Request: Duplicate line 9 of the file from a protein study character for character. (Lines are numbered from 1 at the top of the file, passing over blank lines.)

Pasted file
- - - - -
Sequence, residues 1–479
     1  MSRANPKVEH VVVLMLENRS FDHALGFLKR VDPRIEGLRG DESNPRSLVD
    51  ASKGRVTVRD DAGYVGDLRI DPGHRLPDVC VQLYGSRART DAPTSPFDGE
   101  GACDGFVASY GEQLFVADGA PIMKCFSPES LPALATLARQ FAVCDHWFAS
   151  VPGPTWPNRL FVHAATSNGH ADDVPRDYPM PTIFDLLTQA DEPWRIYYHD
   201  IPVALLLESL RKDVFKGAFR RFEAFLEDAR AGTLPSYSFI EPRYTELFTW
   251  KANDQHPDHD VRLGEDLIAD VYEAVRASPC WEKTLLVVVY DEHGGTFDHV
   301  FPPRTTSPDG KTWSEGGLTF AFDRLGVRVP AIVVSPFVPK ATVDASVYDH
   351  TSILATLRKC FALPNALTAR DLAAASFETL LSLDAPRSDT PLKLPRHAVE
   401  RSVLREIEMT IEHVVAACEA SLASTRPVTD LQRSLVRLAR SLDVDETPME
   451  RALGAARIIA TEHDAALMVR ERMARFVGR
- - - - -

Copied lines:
   351  TSILATLRKC FALPNALTAR DLAAASFETL LSLDAPRSDT PLKLPRHAVE